The biggest player in the Affordable Care Act’s online insurance marketplaces delivered encouraging news to Obamacare supporters Wednesday.
After weeks of uncertainty about how many people have been applying for coverage that started Jan. 1, their age spread and whether or not they’re paying premiums, WellPoint disclosed higher-than-expected early membership growth and said it expects to make money on the new enrollees. It’s the most substantial information so far on how a key part of the health law is working out.
“We do feel good about what we’ve seen thus far on the exchanges,” WellPoint CEO Joseph Swedish told stock analysts on a conference call to report 2013 financial results. “While it is early, we are encouraged by the level of applications we’ve received” as well as by the health-risk profiles of new members, he said.
WellPoint bosses also disclosed:
- As of last week about 500,000 people had applied for individual policies, mostly through its Anthem Blue Cross plans. The company expects another surge in late March, when enrollment closes for most people.
- Most are new members, not customers rolling over previous WellPoint insurance. What WellPoint doesn’t know is if they were previously uninsured or had coverage somewhere else.
- More than four-fifths applied through the subsidized, often-troubled online portals run by states or the federal government. The others enrolled directly with the company.
- Thanks to computer troubles, WellPoint is still processing applications this week for coverage effective Jan. 1.
- Most applicants had paid the first month’s premium, “but we’re not at what I’ll call a vast majority yet,” said chief financial officer Wayne DeVeydt.
- New members are older on average than the general population but not more so than expected. WellPoint priced its plans anticipating an older and presumably sicker mix, executives said.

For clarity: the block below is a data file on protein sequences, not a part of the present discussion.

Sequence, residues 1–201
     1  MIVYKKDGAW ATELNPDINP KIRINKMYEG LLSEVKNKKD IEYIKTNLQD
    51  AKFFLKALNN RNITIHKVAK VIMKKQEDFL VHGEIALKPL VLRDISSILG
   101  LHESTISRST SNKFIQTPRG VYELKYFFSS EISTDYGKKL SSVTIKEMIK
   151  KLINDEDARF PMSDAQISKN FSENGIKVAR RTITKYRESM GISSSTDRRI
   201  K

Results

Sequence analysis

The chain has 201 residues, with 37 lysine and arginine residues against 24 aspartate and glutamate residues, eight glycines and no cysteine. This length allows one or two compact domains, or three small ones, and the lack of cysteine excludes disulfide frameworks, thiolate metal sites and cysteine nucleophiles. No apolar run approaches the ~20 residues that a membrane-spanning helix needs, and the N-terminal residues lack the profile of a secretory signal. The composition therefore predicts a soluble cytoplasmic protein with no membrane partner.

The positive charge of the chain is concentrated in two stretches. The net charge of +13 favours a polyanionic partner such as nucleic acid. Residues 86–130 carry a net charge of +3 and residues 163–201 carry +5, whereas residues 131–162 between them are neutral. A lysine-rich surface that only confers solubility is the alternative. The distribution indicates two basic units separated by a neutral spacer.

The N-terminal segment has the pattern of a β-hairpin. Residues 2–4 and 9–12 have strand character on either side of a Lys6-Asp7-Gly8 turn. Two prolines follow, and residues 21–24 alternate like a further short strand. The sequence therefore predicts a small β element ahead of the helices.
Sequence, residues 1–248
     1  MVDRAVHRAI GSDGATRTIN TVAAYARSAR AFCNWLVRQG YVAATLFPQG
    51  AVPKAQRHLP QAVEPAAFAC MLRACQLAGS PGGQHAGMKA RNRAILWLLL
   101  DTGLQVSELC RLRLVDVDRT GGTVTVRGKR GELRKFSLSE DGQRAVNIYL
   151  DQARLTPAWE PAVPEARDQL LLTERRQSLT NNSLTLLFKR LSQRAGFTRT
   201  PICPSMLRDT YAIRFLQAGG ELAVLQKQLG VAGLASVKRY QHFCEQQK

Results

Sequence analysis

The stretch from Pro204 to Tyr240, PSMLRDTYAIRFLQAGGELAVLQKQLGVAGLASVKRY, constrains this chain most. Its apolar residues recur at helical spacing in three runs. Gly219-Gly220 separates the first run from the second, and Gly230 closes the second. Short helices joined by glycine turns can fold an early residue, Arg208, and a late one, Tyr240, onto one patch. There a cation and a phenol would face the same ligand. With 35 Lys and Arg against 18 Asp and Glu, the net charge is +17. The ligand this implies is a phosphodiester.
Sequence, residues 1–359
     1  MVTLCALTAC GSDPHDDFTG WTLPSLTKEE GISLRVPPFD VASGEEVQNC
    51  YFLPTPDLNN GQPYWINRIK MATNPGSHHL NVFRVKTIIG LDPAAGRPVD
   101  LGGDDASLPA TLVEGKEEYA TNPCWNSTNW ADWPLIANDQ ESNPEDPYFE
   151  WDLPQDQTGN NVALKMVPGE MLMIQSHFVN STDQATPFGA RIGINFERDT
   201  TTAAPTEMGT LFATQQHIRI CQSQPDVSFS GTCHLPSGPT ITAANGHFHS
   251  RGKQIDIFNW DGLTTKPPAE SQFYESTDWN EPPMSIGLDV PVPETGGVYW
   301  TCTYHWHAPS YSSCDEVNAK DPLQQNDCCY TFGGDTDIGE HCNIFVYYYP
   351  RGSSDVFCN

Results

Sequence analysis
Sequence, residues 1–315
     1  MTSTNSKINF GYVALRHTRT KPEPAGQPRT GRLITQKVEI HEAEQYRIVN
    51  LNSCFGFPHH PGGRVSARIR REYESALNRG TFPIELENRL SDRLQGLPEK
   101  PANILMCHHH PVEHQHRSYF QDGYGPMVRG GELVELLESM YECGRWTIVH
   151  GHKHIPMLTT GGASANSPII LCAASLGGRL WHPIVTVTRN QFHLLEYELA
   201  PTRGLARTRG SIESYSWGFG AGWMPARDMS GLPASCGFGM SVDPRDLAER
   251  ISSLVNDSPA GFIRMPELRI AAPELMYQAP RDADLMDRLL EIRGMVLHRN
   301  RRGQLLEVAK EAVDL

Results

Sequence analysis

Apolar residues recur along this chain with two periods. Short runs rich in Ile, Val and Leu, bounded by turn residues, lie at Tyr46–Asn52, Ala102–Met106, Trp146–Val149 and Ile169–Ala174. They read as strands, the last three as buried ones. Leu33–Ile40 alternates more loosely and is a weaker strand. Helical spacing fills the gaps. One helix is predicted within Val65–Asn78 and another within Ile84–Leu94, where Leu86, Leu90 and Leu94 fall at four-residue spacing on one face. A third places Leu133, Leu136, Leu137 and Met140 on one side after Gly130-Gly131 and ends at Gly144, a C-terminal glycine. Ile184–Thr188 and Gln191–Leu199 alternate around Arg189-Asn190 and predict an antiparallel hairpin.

You can read Seeking Alpha’s transcript of the call here.
It’s still very early in the game. But WellPoint’s disclosures were positive enough that one analyst asked why the company wasn’t increasing its profit forecast for 2014.
The chief dangers to plans sold through healthcare.gov and other state insurance portals are that they’ll sign too few members, that members will be sicker than expected and that premium increases to cover their care will make the insurance unaffordable. Investors seemed to see little sign of such risks in WellPoint’s disclosures. The company’s stock popped by $2 a share — more than 2 percent — in early trading.
WellPoint is selling subsidized insurance through online sites in 14 states. Much of its membership comes from its headquarters state of California, where the marketplace rollout has gone better than elsewhere. On the other hand, many of its plans are being sold in states such as Georgia, Wisconsin, Indiana and Virginia, where Republican governors have resisted the ACA rollout. (Democratic Virginia Gov. Terry McAuliffe replaced Republican Bob McDonnell this month.)
Executives didn’t disclose which states their 500,000 applicants came from.
Long before exchange computer problems emerged in October, the Congressional Budget Office projected that 7 million people would gain coverage sold through the marketplaces in 2014.
Last week Marilyn Tavenner, head of the Centers for Medicare and Medicaid Services, said 3 million had applied so far for exchange policies.